Work done on steam during phase change?

In summary, the amount of work done on the steam when 3.89 mol of water at 100°C boils and becomes 3.89 mol of steam at 100°C at 1.00 atm pressure is -P * (V2 - V1) = -(101325 Pa) * ((.1190 m^3) - (.07002 m^3)) = -4963 J.
  • #1
XianForce
16
0

Homework Statement


(a) How much work is done on the steam when 3.89 mol of water at 100°C boils and becomes 3.89 mol of steam at 100°C at 1.00 atm pressure? (Assume the latent heat of vaporization of water is 2.26 106 J/kg.)

(b) Assume the steam to behave as an ideal gas. Determine the change in internal energy of the system of the water and steam as the water vaporizes.


Homework Equations



Q + W = ΔE
Q = m * Lv
W = -P * ΔV = -P * (V2 - V1)
P * V = n * R * T

The Attempt at a Solution



Convert moles of water to volume (multiply by molar mass, then use density of water)
Volume of water: 0.07002 m^3.

Then find the volume of steam using ideal gas law: V = ((3.89 mol) * (8.31 J / mol K) * (373.15K)) / (101325 Pa)
Volume of steam: 0.1190 m^3

So work should be -P * (V2 - V1) -> -(101325 Pa) * ((.1190 m^3) - (.07002 m^3))

W = -4963 J = -4.963 kJ.

But my web assign homework tells me that I am over 10% away from the correct answer.

I can't do part (b) until I can complete part (a) because W + Q = ΔE, so without knowing the work, I can't find the change in internal energy (at least that's what my prof said when I asked him).

Thanks in advance for any help :)
 
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  • #2
XianForce said:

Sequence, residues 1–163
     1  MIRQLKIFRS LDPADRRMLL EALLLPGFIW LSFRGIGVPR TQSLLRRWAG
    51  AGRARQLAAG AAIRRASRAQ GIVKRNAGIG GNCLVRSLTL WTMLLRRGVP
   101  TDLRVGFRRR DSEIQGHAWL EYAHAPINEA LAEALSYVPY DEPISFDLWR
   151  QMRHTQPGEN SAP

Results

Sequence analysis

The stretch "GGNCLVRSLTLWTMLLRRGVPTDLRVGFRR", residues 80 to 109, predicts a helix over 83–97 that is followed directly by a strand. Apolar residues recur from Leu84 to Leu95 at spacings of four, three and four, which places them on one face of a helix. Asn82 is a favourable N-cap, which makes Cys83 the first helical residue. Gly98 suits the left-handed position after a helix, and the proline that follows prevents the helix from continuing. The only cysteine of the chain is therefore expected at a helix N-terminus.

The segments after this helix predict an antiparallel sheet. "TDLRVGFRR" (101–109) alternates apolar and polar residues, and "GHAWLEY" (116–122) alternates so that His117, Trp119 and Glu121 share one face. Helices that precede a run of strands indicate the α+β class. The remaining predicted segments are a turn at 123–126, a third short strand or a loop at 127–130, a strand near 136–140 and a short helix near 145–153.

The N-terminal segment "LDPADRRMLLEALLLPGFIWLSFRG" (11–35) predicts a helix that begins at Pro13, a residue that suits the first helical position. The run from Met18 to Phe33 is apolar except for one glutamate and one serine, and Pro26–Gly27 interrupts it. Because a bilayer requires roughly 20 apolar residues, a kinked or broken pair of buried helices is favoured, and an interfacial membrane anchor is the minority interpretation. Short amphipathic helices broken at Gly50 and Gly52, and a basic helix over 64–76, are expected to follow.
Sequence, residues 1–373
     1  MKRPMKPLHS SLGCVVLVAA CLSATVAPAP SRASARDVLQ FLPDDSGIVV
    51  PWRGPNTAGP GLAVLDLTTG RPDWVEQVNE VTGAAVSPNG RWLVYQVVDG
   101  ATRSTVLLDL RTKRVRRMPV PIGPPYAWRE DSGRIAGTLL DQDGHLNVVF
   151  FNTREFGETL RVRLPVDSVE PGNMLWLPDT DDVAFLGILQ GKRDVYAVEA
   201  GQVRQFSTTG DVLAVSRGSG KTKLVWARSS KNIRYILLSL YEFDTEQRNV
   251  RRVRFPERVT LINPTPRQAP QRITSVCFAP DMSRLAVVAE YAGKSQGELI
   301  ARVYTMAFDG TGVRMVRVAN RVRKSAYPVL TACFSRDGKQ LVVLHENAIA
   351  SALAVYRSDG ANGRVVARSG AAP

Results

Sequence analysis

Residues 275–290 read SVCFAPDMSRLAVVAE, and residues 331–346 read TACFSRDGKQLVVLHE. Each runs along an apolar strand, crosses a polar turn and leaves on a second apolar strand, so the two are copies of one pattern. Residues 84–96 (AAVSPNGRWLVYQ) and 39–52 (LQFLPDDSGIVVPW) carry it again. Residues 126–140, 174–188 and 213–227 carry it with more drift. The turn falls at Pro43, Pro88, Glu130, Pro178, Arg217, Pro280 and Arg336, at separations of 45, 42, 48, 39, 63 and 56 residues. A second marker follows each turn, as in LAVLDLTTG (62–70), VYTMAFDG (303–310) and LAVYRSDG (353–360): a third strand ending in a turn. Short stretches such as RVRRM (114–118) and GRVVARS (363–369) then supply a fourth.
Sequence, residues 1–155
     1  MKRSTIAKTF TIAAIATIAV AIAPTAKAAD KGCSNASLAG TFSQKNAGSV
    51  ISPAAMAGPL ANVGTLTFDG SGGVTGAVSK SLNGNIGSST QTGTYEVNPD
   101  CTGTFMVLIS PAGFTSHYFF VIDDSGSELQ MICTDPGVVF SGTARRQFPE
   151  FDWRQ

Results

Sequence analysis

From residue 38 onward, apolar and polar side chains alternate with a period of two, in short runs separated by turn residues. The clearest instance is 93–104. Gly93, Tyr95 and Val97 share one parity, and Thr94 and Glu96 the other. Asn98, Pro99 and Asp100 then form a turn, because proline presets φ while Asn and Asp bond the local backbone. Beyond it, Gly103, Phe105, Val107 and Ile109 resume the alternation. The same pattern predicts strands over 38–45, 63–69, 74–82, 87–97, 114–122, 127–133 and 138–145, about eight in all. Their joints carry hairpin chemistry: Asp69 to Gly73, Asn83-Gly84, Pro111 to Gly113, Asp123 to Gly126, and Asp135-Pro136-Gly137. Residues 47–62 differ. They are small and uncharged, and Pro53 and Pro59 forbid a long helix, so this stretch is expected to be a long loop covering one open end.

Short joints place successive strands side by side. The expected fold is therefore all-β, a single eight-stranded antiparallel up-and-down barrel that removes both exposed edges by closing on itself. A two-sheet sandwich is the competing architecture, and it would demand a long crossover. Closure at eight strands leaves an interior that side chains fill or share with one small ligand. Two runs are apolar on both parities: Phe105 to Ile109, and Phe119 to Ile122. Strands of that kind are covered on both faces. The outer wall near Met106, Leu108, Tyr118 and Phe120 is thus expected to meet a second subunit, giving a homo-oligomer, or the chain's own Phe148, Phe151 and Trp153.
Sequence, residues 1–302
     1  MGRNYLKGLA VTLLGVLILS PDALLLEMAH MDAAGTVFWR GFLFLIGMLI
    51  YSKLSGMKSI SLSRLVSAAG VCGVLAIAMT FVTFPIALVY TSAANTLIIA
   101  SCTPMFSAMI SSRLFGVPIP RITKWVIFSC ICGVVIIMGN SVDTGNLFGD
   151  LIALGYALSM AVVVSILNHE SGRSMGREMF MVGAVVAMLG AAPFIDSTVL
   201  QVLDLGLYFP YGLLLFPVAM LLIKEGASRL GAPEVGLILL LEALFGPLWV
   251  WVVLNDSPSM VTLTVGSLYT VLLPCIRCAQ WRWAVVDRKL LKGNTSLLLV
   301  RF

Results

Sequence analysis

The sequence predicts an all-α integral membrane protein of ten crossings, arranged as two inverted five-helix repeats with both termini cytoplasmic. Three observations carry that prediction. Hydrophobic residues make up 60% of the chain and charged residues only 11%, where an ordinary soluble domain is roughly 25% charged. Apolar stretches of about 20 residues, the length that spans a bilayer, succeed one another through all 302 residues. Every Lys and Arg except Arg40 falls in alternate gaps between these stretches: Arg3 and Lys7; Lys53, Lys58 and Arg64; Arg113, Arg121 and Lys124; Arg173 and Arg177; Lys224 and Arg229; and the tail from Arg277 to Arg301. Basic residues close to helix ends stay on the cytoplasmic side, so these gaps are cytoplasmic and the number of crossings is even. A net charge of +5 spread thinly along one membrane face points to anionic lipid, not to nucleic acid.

Convert moles of water to volume (multiply by molar mass, then use density of water)
Volume of water: 0.07002 m^3.)

Check where the decimal point should go here.
 
  • #3
(3.89 mol) * (18 g / mol) = 70.02 g = 70.02 * 10^(-3) kg

move the decimal over three places: 0.07002 kg, then density of water is 1 kg/ m^3, so:

.07002 m^3, right?
 
  • #4
It would be very hard to pick up a m3 of water! So, is the density of water 1 kg/m3?
 
  • #5
TSny said:
It would be very hard to pick up a m3 of water! So, is the density of water 1 kg/m3?

Oh my gosh, I can't believe I did that XD! Thanks 1000 kg/m^3
 

1. What is work done on steam during phase change?

Work done on steam during phase change is the amount of energy required to change the state of water from liquid to gas, or vice versa. This process is known as vaporization or condensation, and it involves breaking or forming intermolecular bonds between water molecules.

2. How is work done on steam during phase change calculated?

The work done on steam during phase change can be calculated using the formula W = mL, where W is the work done, m is the mass of the substance, and L is the latent heat of vaporization or condensation. The latent heat is a constant value specific to the substance and can be found in reference tables.

3. What factors affect the work done on steam during phase change?

The work done on steam during phase change is affected by several factors, including the initial temperature of the substance, the amount of energy supplied, and the atmospheric pressure. These factors can impact the amount of energy required to overcome the intermolecular forces and change the state of water.

4. Can the work done on steam during phase change be negative?

Yes, the work done on steam during phase change can be negative. This occurs when the substance is undergoing a change from gas to liquid, and energy is released as the intermolecular bonds are formed. In this case, the work done is considered to be negative because energy is being released rather than added.

5. How does the work done on steam during phase change affect the overall energy of the system?

The work done on steam during phase change is a transfer of energy from or to the system. If energy is added to the system, the work done is positive, and the overall energy of the system increases. Conversely, if energy is released from the system, the work done is negative, and the overall energy of the system decreases.

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